23 June 2013

Visiting Washington's Mount Vernon

We didn't totally know what to expect, but after {maybe} rear-ending someone, waiting for a police officer to come and explain {to the other person} that there would be nothing to do since the {other} car was not damaged, my mom and I headed totally out into the unknown looking for George Washington's house.  {In April.  I know.  I should have told you about it months ago.}

It wasn't long into our tour of his home that we learned we were not merely among a crowd of after-the-fact, first-president enthusiasts.  George and Martha evidently welcomed hundreds of overnight guests each year, many of them random and unplanned for.  Except if you are in the routine of having hundreds of overnight guests each year, you probably plan for them whether you know they're coming or not.  It was hard to imagine such a pre-secret service kind of era, where one could simply show up to a former president's home expecting a meal and perhaps a bed.  More than one tour guide mentioned a letter in which George wrote something like the following, "If no one comes in the next fifteen minutes, something will happen that has not happened in twenty years.  My wife and I will dine alone together."

These covered pathways curved away from the house on, which was really just a box that had been extended a few times.  With fancy things put inside the box.  I thought it was a nice touch to have vines and flowers and archways, with the river in the background.  I did the unthinkable, and left without a photo of their beautiful river view.  But since the river curved around multiple sides of their land, I couldn't think how to properly capture it all in its breathtaking beauty.  I could see exactly why Washington's father put his house just right there next to the river.  It was only later that I learned how to use the panoramic function on my phone.  {Disappointed frown.}

See the greenhouse?  Lots of glass, a beautiful place.  Part of the huge gardens extended in front of it.  I tried not to think of how much work it would have taken to maintain the grounds and gardens of Mount Vernon, simply because we did not arrive for our visit with enough time and space to ponder the sad fact of slavery at our first president's home.  I merely took in the gardens, the plants, the home, the river, leaving that topic to be grappled with another day.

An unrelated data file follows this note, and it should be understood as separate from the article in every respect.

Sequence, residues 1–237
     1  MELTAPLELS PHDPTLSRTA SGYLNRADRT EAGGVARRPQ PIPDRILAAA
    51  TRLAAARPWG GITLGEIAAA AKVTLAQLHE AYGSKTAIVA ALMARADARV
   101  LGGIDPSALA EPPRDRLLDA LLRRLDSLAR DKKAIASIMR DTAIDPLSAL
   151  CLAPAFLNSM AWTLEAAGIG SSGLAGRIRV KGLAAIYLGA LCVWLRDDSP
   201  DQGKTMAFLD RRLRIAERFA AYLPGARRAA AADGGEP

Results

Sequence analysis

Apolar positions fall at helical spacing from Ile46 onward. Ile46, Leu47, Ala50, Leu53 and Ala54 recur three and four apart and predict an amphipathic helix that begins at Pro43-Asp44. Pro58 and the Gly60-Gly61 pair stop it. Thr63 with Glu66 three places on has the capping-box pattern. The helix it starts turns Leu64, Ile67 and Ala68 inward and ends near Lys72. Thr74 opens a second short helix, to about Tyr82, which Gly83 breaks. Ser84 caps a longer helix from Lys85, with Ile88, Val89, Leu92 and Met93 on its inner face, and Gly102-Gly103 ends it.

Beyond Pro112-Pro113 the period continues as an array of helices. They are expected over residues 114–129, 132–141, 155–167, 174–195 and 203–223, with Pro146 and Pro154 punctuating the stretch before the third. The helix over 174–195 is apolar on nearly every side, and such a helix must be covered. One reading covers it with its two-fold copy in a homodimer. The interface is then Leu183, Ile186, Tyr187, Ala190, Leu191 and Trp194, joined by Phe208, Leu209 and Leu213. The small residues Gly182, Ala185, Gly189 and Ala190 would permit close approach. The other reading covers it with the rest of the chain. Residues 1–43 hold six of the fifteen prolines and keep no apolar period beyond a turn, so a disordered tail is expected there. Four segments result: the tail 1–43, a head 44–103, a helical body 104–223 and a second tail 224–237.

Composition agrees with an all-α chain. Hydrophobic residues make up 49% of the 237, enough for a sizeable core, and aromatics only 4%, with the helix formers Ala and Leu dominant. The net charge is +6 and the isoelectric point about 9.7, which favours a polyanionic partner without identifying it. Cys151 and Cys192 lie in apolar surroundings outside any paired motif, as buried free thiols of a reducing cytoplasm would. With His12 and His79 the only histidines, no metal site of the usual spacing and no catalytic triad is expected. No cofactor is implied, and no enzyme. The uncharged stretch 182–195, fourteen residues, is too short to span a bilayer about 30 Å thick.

This fruit-growing technique is something I've seen once before, in a magazine, and have kept in the back of my mind to try someday.  Essentially, the fruit trees are pruned in such a way as to remain about shoulder height (at least, shoulder height for me).  These particular trees were pruned so that two sets of branches extended horizontally from the trunk, along the brick wall.  When it's time to harvest the fruit, there are no ladders, no climbing.  Just reaching out to pick the fruit that is ripe right in front of you.  Seems like the way to go!

Here's a view of the way the some of the gardens were set up:  like decorative flower beds, but with herbs and vegetables in the beds.  It felt so artistic and beautiful, yet practical at the same time.  One of my disappointments in the visit was that we got there with only about an hour and a half to enjoy the grounds.  Perhaps someday I'll go back for more!

Above:  the rosemary rows.  They're gigantic.  The employees told me they don't sell the produce.  It's just available for them (the employees) to take home as it ripens.  Don't you think I need a new job??

If you go:  It's not cheap.  Check out tickets, though, because it's worth every penny.  The house, the museum, the different kinds of tours, the grounds.  My mom and I also discovered that because we arrived past 4:00 p.m. (I believe it was), our tickets would have been good through the next day, and had we been close enough to it the next day, we totally would have been back for more.  We both loved it.

Also if you go:  Please go to the gift shops.  I am NOT one who normally wanders the gift shops.  However, in this case, it was again totally worth it.  With my recent fascination with heirloom seeds, I was overjoyed to learn that a person can buy heirloom seeds from George Washington's garden.  Again, I wouldn't say they're cheap.  However, with the potential of letting your plants go to seed and planting those seeds again next year, it doesn't seem like such an expenditure.  AND if you're too far away from Mount Vernon for a visit, you can still order the heirloom seeds online via the link above.

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